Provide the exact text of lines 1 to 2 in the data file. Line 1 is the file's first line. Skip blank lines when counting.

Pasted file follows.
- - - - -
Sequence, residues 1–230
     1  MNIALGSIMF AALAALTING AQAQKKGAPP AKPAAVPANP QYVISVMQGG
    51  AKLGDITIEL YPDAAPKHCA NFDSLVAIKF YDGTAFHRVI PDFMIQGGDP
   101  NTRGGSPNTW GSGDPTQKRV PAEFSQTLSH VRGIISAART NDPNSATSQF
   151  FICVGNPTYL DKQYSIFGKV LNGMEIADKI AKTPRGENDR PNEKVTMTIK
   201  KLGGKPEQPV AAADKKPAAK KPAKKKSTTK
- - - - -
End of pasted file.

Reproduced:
Sequence, residues 1–230
     1  MNIALGSIMF AALAALTING AQAQKKGAPP AKPAAVPANP QYVISVMQGG